New Pakistan PM may take oath by mid-March
New Pakistan prime minister is likely to oath of the office between March 12 and 15, however, reports have started pouring in that the leading political parties, which negotiating for a coalition government in Islamabad, have yet not agreed on some important issues.
"The Election Commission may notify the names of newly elected national and provincial assembly members on March 1 (today) while the independent legislators-elect will have to decide to join a party of their liking or otherwise between March 2 and 4," the information minister told a private television channel. "After this, the reserved seats of women and minorities will be allotted to the political parties on the basis of proportional representation," he told Geo TV.
Memon said that newly elected members of the National Assembly would take oath on March 5 while speaker and deputy speaker of the National Assembly would be elected through secret balloting on March 6 or 7. He said that names of Makhdoom Amin Fahim and Yousaf Raza Gillani were under considering for the office of the prime minister. However, he added, it was prerogative of the majority party in the National Assembly to nominate its candidate for the office of the prime minister.
"A new happening will help settle the dust on the political horizon of the country next week," the information minister said in response to a question. "President Pervez Musharraf will not exercise any power other than those vested in him by the constitution and will extend full cooperation to the Parliament, elected by people of the country, for making Pakistan a stable and prosperous country," he maintained.
Memon said that after election of the speaker and deputy speaker, the maiden session of the National Assembly would be adjourned and the president would ask the majority party to nominate its candidate for the office of the prime minister. He said the president would summon the second session of the National Assembly, probably in the second week of March, for ascertainment of the nominee for the office of prime minister.
On the other hand, a leader of the Pakistan People's Party (PPP) of slain Benazir Bhutto, which enjoys majority in the newly elected National Assembly, hinted that they would not allow the second largest party -- Pakistan Muslim League-Nawaz (PML-N) of former Prime Minister Nawaz Sharif -- to adopt a selective approach in formation of the government.
"We will not allow the PML-N to be selective in formation of the government," reports quoted an unnamed PPP leader as saying at a time when the top leadership of the two parties is engaged in hectic activities for formation of governments in the centre and provinces.
The PML-N has refused to claim share in the coalition government in Islamabad but it is insisting on formation of the government in the Punjab, the largest province of the country. The PML-N got votes in the name of restoration of the deposed judges but a clause in the 17th constitutional amendment is a hurdle in the way of its top leader, Nawaz Sharif, to become prime minister of the country for third tenure.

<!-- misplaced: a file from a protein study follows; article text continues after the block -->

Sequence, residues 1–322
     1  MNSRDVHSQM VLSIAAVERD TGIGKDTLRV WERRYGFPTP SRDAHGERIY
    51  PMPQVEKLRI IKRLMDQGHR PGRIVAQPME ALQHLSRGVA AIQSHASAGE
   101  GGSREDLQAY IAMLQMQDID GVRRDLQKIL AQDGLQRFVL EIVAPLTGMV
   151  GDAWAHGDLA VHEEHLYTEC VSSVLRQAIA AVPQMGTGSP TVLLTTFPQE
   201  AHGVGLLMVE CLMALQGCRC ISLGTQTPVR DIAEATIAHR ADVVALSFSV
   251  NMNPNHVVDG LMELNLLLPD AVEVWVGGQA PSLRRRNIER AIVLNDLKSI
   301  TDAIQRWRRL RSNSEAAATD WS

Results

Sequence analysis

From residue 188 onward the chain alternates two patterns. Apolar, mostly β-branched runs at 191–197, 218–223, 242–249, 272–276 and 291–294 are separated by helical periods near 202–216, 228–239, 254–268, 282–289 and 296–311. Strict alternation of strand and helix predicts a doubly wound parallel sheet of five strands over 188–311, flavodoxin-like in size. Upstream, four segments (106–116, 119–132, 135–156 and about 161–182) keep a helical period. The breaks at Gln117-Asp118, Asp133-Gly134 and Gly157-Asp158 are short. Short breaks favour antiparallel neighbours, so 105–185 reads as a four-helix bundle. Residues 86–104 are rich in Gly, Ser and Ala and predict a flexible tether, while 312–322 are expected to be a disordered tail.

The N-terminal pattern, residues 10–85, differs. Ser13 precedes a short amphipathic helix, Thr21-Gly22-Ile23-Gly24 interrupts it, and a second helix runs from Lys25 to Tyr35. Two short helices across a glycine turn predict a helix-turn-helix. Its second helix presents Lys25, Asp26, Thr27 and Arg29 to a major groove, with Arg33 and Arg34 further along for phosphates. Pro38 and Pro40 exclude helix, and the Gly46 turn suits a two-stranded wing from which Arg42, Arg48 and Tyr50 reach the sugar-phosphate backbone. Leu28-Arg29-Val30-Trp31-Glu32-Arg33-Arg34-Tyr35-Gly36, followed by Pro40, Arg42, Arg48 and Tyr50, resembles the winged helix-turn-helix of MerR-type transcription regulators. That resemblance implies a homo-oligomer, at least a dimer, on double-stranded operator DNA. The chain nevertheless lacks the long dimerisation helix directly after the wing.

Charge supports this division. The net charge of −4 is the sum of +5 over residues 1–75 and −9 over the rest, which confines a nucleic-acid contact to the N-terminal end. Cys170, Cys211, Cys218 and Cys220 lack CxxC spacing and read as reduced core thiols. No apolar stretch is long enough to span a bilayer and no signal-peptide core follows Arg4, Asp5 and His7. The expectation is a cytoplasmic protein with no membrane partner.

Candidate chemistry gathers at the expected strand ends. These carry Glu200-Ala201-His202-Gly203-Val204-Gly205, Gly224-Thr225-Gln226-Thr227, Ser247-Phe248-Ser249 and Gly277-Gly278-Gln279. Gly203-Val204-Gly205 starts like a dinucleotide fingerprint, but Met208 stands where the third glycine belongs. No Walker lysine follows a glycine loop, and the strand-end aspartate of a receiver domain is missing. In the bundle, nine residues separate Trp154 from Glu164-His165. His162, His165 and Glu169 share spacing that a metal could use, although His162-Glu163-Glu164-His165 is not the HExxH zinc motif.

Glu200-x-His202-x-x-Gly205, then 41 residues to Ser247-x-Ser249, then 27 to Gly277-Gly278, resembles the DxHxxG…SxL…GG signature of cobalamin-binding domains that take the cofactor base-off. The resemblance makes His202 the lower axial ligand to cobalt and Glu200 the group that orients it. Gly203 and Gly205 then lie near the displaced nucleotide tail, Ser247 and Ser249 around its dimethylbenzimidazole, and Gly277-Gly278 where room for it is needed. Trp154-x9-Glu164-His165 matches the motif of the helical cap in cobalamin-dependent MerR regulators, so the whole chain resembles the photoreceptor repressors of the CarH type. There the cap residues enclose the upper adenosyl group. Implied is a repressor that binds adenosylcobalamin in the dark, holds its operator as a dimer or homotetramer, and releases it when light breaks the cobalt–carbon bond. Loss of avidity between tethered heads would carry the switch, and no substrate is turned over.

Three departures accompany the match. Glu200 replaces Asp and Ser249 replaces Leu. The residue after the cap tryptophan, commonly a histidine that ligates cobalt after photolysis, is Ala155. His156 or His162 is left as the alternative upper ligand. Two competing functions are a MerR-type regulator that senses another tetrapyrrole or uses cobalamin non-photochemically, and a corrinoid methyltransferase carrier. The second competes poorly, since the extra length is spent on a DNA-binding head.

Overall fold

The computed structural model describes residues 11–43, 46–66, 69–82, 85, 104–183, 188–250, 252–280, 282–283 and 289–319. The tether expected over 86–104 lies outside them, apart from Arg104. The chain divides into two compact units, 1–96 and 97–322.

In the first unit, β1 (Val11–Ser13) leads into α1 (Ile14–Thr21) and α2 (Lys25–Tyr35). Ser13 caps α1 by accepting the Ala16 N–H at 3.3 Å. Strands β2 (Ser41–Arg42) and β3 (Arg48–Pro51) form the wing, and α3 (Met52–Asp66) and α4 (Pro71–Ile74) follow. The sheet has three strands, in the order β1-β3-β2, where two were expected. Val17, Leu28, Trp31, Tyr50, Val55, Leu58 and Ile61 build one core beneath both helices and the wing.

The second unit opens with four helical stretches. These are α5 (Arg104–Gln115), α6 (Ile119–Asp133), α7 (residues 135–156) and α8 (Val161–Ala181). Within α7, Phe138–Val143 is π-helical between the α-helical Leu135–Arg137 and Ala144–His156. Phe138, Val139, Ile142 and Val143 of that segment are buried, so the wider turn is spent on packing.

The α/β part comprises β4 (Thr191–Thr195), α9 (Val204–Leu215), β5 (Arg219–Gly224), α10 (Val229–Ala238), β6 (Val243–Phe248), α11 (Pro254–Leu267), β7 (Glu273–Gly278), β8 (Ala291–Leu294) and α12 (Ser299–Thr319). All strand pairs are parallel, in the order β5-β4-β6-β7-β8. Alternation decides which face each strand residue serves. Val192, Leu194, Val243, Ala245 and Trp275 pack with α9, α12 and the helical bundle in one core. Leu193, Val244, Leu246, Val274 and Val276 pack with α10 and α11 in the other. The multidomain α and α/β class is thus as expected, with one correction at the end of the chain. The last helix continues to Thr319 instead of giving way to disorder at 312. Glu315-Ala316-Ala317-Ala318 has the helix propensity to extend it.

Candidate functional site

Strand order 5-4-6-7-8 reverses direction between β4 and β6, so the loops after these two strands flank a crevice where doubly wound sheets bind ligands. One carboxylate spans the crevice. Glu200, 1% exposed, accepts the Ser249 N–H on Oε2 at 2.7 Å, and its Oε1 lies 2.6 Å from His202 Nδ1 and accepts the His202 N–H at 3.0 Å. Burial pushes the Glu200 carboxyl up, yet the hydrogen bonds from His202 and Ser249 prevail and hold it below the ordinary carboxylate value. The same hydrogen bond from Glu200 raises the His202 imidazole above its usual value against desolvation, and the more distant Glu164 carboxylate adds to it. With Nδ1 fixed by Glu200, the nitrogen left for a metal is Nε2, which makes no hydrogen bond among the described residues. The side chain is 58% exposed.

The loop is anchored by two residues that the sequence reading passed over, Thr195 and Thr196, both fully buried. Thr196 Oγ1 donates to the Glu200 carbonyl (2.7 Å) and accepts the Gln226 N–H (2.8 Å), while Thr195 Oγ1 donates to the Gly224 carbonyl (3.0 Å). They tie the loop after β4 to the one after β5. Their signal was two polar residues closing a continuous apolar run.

Another major issue for the PML-N is President Musharraf, who had toppled government of Sharif on October 12, 1999 and had arrested him, and the PML-N now wants to oust Musharraf from the Presidency. Sharif's party needs two-thirds majority in the Parliament and hence support of the PPP to achieve its stated objectives but these issues are not on the priority list of the PPP because it did not get votes on the basis of these issues.
"The day the PML-N will get these issues settled, PPP leader Asif Zardari will have to deal with a changed Sharif, as he will not only emerge as victor in the eyes of his voters but will also satisfy his ego by achieving the objectives he is listing at each and every forum ever since he entered the electoral race," a political analyst commented, seeking anonymity.
"The next objective of Sharif will be preparations for next elections with the government in the largest province of the country under his control," he added, pointing out that Sharif has been repeatedly predicting two to three elections in the country in the next two years.
Referring to the benefits of government in the Punjab province, the analyst said that the PML-N has already attracted 70 per cent of independent newly elected legislators while preparations are going on for moving no-trust motions against heads of various local governments in the province.
According to sources in the PPP, Sharif is anxious to reap the fruits of control over the Punjab administration and by not taking share in the federal government he wants the PPP to take some unwelcome decisions in the centre, including increase in the petroleum prices. They said that hike in the petroleum prices is imminent and it would unleash a new wave of inflation, annoying the masses with the PPP.
The PPP sources said that other issues, which the federal government would need to deal with, would be Islamabad's role in the war on terror, demands for provincial autonomy and division of resources, steps to eliminate extremism and establish peace and measures to overcome shortages of gas, water and electricity. They said that the PPP would certainly have to take some unpopular decisions in this regard.
"If the PML-N stayed away from the federal government, all the unpopular decisions would affect the popularity of the PPP alone," said a PPP leader, who wanted not to be identified. "In a coalition, the partners should equally share the profits and losses but the PML-N wants to avoid responsibilities in the centre," he commented.
However, the situation will become clearer with formation of new governments in the centre and four provinces during the month of March.